First Amendment Victory: FCC Backs Down in Sarah Jones Case

In a case with important First Amendment implications, the Federal Communications Commission has reversed its earlier finding that performance artist Sarah Jones’ “Your Revolution” is indecent. The FCC had declared in May of 2001 that “Your Revolution,” a feminist critique of the frequently offensive treatment of women in popular music, was indecent. The new FCC order acknowledges that declaring “Your Revolution” indecent was a mistake. When the song’s lyrics are considered contextually, the FCC concluded that “Your Revolution” is not patently offensive.

“I am pleased that the FCC has admitted its error and removed the gag order against ‘Your Revolution,’” said Sarah Jones. “But I am still bothered that because the FCC has no timeline or process it has to follow, my work was effectively censored by the federal government for almost two years without me having any role in their deliberations. I’m free for now, but who’s next?”

The FCC’s February 20, 2003 ruling comes 21 months after the agency notified Portland, Oregon radio station KBOO that broadcasting “Your Revolution” had apparently violated the FCC’s indecency rule, and a little over one year after Sarah Jones sued the FCC with the assistance of the prominent New York-based media law firm Frankfurt Kurnit Klein & Selz, P.C. and People For the American Way Foundation. The FCC’s earlier ruling and the $7,000 fine levied against noncommercial KBOO had resulted in other radio stations refusing to broadcast Jones’ piece. The lawsuit Jones filed in January 2002 asked the court to declare that “Your Revolution” was not indecent under the First Amendment and according to the FCC’s own guidelines.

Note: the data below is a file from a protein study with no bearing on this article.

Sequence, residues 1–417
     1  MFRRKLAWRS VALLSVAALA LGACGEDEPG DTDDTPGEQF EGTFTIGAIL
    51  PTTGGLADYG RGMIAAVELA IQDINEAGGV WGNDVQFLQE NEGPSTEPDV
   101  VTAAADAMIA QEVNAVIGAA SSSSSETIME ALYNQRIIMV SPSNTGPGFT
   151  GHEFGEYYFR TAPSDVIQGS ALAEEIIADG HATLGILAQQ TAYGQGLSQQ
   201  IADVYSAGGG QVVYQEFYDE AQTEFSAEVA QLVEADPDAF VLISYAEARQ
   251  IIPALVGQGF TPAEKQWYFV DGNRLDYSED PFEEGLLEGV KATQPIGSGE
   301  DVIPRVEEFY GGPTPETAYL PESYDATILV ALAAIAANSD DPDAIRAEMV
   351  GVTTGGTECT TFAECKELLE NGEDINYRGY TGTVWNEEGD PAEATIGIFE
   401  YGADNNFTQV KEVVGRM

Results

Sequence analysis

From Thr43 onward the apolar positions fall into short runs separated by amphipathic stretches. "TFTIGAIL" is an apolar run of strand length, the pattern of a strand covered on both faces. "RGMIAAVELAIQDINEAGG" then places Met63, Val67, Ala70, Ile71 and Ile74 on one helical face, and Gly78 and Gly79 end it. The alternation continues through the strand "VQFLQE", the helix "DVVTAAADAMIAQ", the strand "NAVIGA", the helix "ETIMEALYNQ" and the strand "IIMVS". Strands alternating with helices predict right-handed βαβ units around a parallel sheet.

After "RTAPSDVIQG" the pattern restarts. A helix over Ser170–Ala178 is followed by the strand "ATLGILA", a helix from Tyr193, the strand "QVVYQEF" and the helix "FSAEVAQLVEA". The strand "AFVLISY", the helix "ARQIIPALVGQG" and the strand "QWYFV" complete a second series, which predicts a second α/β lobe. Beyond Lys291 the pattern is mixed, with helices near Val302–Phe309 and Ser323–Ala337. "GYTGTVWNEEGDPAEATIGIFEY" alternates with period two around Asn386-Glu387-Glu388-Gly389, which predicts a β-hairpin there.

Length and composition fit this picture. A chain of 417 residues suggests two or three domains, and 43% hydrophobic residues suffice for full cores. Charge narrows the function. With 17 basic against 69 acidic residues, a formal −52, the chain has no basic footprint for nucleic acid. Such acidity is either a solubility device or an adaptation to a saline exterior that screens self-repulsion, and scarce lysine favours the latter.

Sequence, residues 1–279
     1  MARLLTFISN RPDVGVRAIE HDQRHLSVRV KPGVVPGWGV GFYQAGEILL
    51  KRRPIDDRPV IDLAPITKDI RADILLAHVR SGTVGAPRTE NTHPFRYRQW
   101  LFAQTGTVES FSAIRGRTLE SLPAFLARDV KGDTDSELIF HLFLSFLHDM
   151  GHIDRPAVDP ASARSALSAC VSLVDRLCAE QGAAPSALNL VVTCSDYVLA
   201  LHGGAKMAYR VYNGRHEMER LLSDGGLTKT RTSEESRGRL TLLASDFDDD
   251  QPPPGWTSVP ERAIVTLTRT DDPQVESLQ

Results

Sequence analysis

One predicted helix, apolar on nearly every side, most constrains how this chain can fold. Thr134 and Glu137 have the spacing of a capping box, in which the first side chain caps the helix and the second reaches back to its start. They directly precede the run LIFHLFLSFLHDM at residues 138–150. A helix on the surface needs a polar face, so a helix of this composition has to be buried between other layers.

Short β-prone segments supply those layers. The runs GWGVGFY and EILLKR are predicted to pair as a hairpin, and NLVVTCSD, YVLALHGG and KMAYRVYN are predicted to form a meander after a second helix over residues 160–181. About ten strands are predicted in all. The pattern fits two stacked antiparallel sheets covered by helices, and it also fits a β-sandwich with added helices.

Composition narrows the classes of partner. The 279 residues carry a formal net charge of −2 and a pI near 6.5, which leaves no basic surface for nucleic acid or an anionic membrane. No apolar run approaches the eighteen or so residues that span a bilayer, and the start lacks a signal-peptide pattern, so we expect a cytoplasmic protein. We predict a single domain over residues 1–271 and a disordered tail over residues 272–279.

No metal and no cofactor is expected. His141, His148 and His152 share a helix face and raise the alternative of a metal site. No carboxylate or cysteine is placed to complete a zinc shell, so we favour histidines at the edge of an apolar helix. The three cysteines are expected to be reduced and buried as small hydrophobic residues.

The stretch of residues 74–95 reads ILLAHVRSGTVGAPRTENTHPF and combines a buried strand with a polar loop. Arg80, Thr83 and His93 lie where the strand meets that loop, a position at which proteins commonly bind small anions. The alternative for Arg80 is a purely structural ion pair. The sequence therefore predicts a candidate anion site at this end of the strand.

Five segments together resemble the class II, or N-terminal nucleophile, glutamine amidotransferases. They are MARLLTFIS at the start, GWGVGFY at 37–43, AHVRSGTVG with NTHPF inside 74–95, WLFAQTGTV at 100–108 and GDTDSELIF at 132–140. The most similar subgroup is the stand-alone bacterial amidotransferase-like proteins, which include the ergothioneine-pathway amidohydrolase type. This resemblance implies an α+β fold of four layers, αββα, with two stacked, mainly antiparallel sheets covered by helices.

“We are excited for Sarah Jones and for all the people who might now have a chance to hear ‘Your Revolution’ for the first time,” said People For the American Way Foundation President Ralph G. Neas. “This is an important victory for one artist, but it leaves in place a deeply flawed process that gives artists no way to challenge an FCC ‘indecency’ finding during the years the agency can take to reach a final conclusion. The process must be fixed.”

“We were proud to help Sarah Jones win this battle,” said Frankfurt Kurnit partner Ned Rosenthal, “but artists can’t take too much comfort -- the fact still remains that a single listener complaint to the FCC can keep an artist’s work off the air for years.”

Sarah Jones will be performing her Drama Desk award-nominee solo show Surface Transit (which includes “Your Revolution”) at The Berkeley Theater in Berkeley, California beginning April 18th for a five week run. For ticket info call 510-647-2949.

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